Lyme Disease Task Force report released

by Steve Galea | June 12, 2018

lyme disease

A report released in April has set out long- and short-term goals to prevent, mitigate, and find better treatment for Ontarians who have contracted Lyme disease and other tick-borne illnesses.

In 2017, approximately 997 cases of Lyme disease were reported in Ontario. The risk of contracting Lyme disease is greatest during the spring and summer months.

The Report of the Lyme Disease and Tick-borne Illness Task Force, contains several key recommendations and is welcomed by many who have advocated for a more coordinated approach to the emerging health issue.

Among those is MPP Toby Barrett (Haldimand-Norfolk), whose 2015 Private Member’s Bill An Act to require a provincial framework and action plan concerning vector-borne disease called for the establishment of a provincial action plan on Lyme disease, which, he says, eventually led to the creation of the task force.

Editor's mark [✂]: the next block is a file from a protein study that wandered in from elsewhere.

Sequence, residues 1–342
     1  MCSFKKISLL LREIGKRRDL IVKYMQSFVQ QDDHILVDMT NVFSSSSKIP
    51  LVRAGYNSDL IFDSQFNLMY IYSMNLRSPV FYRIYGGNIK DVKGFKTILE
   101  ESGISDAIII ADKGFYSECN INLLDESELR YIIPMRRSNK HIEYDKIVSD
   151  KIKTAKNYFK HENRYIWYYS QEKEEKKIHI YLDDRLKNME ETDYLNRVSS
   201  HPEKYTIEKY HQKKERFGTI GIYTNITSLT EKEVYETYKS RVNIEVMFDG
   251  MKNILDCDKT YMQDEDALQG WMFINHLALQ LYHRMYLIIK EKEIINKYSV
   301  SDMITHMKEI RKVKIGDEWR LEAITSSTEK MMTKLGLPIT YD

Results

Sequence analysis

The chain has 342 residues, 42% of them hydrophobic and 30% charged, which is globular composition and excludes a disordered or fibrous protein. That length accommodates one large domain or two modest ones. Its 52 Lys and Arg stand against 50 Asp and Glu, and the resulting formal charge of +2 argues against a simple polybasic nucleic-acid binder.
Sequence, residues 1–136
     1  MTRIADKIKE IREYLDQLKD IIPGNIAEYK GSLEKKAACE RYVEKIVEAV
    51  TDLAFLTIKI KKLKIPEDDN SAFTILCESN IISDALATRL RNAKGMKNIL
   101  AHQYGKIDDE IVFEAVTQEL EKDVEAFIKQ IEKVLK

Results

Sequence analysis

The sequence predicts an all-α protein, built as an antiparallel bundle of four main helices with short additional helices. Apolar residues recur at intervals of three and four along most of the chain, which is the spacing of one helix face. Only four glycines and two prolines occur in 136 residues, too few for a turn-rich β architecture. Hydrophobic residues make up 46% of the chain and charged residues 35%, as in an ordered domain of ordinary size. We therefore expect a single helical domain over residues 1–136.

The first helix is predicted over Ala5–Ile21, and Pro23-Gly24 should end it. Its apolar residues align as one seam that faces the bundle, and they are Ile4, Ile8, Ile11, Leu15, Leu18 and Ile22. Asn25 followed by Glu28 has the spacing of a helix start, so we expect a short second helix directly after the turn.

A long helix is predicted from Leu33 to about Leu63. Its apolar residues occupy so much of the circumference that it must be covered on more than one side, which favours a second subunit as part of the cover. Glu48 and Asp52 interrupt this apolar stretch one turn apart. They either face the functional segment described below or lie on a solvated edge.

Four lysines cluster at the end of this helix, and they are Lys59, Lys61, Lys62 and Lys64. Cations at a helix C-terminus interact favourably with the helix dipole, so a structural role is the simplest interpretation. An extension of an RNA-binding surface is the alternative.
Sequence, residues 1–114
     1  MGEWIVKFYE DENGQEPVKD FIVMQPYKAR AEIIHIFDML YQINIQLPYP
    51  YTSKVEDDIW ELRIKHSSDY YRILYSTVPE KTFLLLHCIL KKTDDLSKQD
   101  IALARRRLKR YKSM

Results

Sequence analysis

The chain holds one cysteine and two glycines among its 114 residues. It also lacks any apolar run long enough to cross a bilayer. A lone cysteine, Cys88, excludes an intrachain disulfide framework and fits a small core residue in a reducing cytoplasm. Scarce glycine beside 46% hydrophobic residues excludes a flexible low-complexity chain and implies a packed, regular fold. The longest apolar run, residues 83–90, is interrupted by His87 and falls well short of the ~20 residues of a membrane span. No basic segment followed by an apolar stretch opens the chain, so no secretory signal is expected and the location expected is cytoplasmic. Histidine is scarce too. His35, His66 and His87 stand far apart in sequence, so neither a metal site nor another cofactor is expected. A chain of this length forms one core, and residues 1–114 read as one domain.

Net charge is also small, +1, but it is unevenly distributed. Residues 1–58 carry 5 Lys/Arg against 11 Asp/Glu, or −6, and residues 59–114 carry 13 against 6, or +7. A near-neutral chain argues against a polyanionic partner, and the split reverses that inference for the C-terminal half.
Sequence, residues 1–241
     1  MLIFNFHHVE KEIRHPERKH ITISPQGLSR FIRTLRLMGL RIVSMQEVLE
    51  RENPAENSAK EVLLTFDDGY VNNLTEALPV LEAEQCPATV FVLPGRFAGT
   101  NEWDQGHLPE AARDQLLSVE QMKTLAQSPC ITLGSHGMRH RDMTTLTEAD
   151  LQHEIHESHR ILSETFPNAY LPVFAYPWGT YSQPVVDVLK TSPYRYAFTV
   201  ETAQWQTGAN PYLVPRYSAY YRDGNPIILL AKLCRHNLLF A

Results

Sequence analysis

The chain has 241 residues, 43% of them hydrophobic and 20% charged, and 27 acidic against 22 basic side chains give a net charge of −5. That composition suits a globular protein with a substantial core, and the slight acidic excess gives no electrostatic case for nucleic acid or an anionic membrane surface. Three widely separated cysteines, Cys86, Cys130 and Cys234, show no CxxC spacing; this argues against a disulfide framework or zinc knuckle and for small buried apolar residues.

lyme disease report

The task force’s mandate is to provide advice and recommendations to the Minister of Health and Long-Term Care on a patient-centred approach to improving supports for acute Lyme disease and other tick-borne illnesses, as well as the long-term complications associated with these diseases.

The task force was also called to identify gaps in the delivery of care, find ways to improve knowledge transfer, and improve access to treatment and care for those at-risk.

The 27-page report sets out recommendations in five categories: prevention and control, surveillance, public engagement, care, treatment, and support and research.

According to the report, key recommendations within those categories could be implemented in the next six to 12 months, while long-term recommendations could take a year or more.

The full document can be found at www.health.gov.on.ca/en/common/ministry/publications/reports/lyme_18.

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